February 8, 2008

Grant bolsters ‘fragile X’ research

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Members of the Conn research group include (front row, from left) Colleen Niswender, Ph.D., Jeff Conn, Ph.D., Alice Rodriguez, Ph.D., (back row, from left) Craig Lindsley, Ph.D., David Weaver, Ph.D., and Carrie Jones, Ph.D. (photo by Neil Brake)

Grant bolsters ‘fragile X’ research

Vanderbilt University Medical Center has received a $4.5 million grant from Seaside Therapeutics to find potential treatments for fragile X syndrome, the most common inherited form of mental retardation and the most common genetic cause of autism.

“It's a really innovative idea,” said Jeffrey Conn., Ph.D., director of the Vanderbilt Program in Drug Discovery and principal investigator of the fragile X project. “If it works, it could be transformative … it could totally change the way people view developmental disorders.”

Research conducted by founders of Seaside Therapeutics and others indicates that excessive signaling through a receptor for the neurotransmitter glutamate, called mGluR5, may be responsible for the neurological and psychiatric consequences of fragile X syndrome.

Selective inhibition of the receptor potentially could reduce or eliminate these devastating effects, company officials said.

That's where the Vanderbilt researchers come in.

They are internationally known for their discovery of “allosteric modulators,” compounds that do not directly activate receptors in the same way as neurotransmitters, but instead work like the dimmer switch in an electrical circuit.

In the case of mGluR5, Conn and his colleagues have identified more than 400 “negative” allosteric modulators, compounds that selectively “turn down” the activation of the receptor when glutamate binds to it.

Supported by the three-year Seaside Therapeutics grant, the Vanderbilt researchers will use medicinal chemistry, molecular biology, pharmacology and efficacy studies to develop compounds with the drug-like properties required for further study in fragile X.

Seaside Therapeutics will contribute scientific and drug-development expertise, and will select compounds from the collaboration to carry forward into clinical development.

“Importantly, the Vanderbilt team shares Seaside's passion for helping children with fragile X — creating a strong partnership focused on rapidly translating new discoveries in neurobiology into desperately needed novel treatments,” said Randall Carpenter, M.D., co-founder, president and CEO of the Cambridge, Mass.-based firm.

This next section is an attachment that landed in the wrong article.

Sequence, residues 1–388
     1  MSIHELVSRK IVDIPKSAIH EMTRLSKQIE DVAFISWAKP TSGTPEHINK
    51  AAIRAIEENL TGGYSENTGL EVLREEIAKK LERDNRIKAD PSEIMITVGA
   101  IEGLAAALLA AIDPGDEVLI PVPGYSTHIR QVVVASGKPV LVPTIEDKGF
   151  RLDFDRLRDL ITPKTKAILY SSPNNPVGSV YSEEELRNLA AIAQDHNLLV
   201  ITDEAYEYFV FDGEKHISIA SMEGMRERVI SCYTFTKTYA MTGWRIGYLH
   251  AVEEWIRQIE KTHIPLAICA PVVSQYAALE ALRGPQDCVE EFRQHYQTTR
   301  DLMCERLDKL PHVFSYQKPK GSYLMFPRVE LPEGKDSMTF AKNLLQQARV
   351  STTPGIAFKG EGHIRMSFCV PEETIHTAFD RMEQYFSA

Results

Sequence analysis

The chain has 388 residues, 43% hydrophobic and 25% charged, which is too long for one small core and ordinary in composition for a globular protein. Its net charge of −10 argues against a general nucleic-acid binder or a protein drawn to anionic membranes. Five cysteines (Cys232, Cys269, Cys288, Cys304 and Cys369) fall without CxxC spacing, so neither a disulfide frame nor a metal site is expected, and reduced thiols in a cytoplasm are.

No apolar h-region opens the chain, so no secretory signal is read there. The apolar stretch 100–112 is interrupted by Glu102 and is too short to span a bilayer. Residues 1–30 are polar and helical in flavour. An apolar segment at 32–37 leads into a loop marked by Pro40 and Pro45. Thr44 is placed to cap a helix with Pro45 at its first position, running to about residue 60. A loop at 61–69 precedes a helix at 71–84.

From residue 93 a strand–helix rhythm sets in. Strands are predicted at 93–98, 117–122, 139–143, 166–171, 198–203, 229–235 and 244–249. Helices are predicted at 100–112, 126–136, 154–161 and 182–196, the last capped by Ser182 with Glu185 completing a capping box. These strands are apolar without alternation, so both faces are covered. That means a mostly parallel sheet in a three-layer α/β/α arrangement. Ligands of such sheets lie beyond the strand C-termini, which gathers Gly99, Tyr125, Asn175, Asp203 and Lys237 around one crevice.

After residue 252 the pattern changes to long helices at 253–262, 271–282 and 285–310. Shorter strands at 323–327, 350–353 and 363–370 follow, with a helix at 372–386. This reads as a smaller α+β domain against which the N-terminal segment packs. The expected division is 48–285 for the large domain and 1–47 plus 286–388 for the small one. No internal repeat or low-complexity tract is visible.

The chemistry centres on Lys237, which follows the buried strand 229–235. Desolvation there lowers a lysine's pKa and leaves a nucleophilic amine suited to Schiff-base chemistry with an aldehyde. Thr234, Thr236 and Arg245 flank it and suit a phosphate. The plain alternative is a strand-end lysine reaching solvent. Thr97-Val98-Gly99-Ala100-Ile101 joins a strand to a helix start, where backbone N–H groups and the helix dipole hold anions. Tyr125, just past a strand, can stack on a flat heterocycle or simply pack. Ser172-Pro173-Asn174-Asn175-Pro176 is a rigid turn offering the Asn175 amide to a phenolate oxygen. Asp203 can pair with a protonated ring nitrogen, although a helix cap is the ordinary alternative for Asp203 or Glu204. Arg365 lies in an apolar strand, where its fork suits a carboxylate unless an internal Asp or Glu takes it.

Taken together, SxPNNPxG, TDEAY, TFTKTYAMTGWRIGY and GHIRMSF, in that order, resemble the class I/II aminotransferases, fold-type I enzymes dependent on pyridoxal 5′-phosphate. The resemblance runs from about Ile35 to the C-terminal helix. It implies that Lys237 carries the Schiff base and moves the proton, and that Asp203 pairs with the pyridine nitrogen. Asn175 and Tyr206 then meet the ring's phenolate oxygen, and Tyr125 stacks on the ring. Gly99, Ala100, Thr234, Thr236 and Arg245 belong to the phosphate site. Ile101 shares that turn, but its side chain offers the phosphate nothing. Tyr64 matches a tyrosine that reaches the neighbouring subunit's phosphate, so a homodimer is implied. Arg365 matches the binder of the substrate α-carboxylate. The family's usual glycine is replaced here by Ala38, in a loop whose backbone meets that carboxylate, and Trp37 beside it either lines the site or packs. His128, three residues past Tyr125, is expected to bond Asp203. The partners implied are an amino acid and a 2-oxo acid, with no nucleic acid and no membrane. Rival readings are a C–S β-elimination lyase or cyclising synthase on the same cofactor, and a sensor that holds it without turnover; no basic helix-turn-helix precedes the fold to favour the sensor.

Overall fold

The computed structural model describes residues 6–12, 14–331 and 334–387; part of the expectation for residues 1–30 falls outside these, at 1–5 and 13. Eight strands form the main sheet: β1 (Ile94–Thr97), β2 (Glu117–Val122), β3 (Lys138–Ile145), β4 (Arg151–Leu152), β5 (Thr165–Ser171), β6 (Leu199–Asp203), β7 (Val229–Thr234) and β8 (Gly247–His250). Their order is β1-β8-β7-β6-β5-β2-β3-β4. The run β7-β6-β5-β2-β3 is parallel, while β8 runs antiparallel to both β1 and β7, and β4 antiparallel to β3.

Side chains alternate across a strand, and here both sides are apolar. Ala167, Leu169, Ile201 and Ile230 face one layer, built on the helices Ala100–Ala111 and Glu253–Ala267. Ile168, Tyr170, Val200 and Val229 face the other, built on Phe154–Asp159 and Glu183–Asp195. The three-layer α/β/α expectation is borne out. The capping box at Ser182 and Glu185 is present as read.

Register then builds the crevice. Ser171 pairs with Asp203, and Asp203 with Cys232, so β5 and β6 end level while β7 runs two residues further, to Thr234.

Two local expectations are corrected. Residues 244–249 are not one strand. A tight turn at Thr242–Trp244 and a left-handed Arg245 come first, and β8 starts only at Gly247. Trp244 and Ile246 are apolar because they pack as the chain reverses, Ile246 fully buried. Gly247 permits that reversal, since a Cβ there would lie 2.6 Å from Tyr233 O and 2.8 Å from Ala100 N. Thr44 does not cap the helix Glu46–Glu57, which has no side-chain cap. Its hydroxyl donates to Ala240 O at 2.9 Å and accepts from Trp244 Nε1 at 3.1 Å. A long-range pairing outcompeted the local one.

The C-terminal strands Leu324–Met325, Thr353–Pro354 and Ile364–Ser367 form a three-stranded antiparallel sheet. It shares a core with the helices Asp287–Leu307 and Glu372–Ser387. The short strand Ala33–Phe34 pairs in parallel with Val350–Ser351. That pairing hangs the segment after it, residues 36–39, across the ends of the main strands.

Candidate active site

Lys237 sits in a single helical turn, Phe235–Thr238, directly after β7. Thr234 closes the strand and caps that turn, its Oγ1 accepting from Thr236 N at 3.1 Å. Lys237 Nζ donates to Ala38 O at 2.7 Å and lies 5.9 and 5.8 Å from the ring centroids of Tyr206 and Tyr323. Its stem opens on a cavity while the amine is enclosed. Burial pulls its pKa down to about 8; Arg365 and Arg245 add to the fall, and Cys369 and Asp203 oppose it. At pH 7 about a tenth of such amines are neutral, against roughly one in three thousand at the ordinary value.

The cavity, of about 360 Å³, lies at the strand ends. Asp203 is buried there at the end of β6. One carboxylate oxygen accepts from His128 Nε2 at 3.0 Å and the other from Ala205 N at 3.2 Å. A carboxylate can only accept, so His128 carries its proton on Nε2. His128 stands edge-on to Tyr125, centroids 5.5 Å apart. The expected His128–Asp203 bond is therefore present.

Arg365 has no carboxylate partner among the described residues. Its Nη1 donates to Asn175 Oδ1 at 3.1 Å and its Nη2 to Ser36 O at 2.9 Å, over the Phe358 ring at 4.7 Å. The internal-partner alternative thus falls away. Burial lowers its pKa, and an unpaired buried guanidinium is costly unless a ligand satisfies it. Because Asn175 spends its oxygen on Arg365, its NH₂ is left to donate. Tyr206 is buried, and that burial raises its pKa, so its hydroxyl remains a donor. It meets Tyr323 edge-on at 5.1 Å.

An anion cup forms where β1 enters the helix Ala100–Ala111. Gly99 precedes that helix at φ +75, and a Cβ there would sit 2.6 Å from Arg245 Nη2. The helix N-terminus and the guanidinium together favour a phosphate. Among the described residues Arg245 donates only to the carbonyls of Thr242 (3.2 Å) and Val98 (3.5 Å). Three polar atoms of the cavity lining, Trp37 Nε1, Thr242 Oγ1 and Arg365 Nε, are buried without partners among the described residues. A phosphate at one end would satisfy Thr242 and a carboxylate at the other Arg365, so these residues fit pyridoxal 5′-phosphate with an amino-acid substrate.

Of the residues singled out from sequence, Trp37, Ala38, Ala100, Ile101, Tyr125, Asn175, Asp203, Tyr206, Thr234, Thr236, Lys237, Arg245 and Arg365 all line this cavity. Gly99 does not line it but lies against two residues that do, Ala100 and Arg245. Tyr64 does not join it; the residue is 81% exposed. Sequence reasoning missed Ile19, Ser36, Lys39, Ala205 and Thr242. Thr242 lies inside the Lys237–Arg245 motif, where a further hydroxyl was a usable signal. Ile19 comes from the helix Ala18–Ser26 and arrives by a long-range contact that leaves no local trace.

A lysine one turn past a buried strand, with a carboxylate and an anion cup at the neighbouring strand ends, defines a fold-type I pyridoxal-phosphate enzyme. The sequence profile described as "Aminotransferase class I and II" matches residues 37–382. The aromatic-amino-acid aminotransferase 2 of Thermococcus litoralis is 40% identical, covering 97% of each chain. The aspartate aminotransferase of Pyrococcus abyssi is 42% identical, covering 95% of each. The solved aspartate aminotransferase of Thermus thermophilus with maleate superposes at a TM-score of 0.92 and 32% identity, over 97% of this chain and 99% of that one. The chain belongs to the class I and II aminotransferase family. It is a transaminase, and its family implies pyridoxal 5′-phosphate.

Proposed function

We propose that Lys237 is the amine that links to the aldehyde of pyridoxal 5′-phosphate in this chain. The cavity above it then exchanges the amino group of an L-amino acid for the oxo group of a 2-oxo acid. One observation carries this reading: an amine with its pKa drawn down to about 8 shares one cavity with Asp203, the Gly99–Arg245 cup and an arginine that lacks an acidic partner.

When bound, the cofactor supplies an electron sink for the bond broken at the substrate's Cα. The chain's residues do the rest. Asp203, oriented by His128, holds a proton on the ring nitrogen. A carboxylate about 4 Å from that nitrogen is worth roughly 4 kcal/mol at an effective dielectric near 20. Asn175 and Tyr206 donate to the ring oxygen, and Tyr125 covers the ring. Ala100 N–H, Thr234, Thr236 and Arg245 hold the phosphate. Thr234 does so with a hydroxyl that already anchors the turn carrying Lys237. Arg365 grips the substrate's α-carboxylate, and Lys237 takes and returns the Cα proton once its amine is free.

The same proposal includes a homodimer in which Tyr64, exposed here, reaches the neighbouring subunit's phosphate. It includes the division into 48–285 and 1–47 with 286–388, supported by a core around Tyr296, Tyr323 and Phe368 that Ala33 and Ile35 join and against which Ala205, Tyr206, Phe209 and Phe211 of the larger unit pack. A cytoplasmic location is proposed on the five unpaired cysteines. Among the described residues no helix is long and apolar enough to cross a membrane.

Conn's colleagues in this effort include Craig Lindsley, Ph.D., director of Medicinal Chemistry in the drug discovery program, who will oversee chemical optimization of compounds for testing in the clinic.

Lindsley helped discover the first “positive” allosteric modulators of mGluR5, which “turn up” the receptor's activation when it binds to glutamate.

David Weaver, Ph.D., directs the high-throughput screening facility in the Vanderbilt Institute of Chemical Biology, which is capable of testing tens of thousands of small molecules for drug-like activity in a single day.

He and Alice Rodriguez, Ph.D., a research instructor in Pharmacology, will lead the search for novel compounds that can “dim” the mGluR5 “switch,” and they will oversee molecular pharmacology efforts required to screen lead compounds in cell-based assays.

Carrie Jones, Ph.D., research assistant professor of Pharmacology and director of Behavioral Pharmacology in the drug discovery program, will spearhead the screening of lead compounds in rodent behavior models.

“We're at a very early stage,” said Conn, a professor of Pharmacology who serves on the scientific advisory board of Seaside Therapeutics. “It now becomes a really high-level molecular engineering effort.”

Protein’s absence spurs symptoms of fragile X syndrome

Fragile X syndrome is relatively rare, affecting approximately 90,000 people in the United States. It is caused by a mutation in the FMR1 gene on the X chromosome that prevents expression of a single protein, the fragile X mental retardation protein (FMRP).

The absence of FMRP gives rise to the major symptoms of fragile X syndrome in humans — impaired cognitive function, developmental delay, attention deficit and hyperactivity, anxiety, obsessive-compulsive and autistic behaviors.

A key advance for understanding fragile X was the isolation of the FMR1 gene and subsequent generation of the Fmr1 knockout mouse — an animal model that lacks FMRP and mimics the human condition.

By studying the brains of these mice, Mark Bear, Ph.D., and colleagues at Brown University discovered a connection between metabotropic glutamate receptor subtype 5 (mGluR5) signaling and fragile X syndrome.

Metabotropic glutamate receptors are activated by the neurotransmitter glutamate. Another receptor in this family, mGluR4, is implicated in Parkinson's disease.

Studies by Bear and others indicated that excessive signaling through mGluR5 may be responsible for the neurological and psychiatric consequences of fragile X syndrome, and suggested that selective inhibition of the receptor could reduce or eliminate them.

Bear, currently the Picower Professor of Neuroscience at the Massachusetts Institute of Technology, co-founded Seaside Therapeutics in 2006 “to translate promising research discoveries into effective treatments for … disorders of brain development.”

Conn and his colleagues have pioneered the discovery of novel drug-like compounds that modulate metabotropic glutamate receptors. They recently received a $4.4 million grant from the Michael J. Fox Foundation for Parkinson's Research to help develop a new class of Parkinson's disease drugs.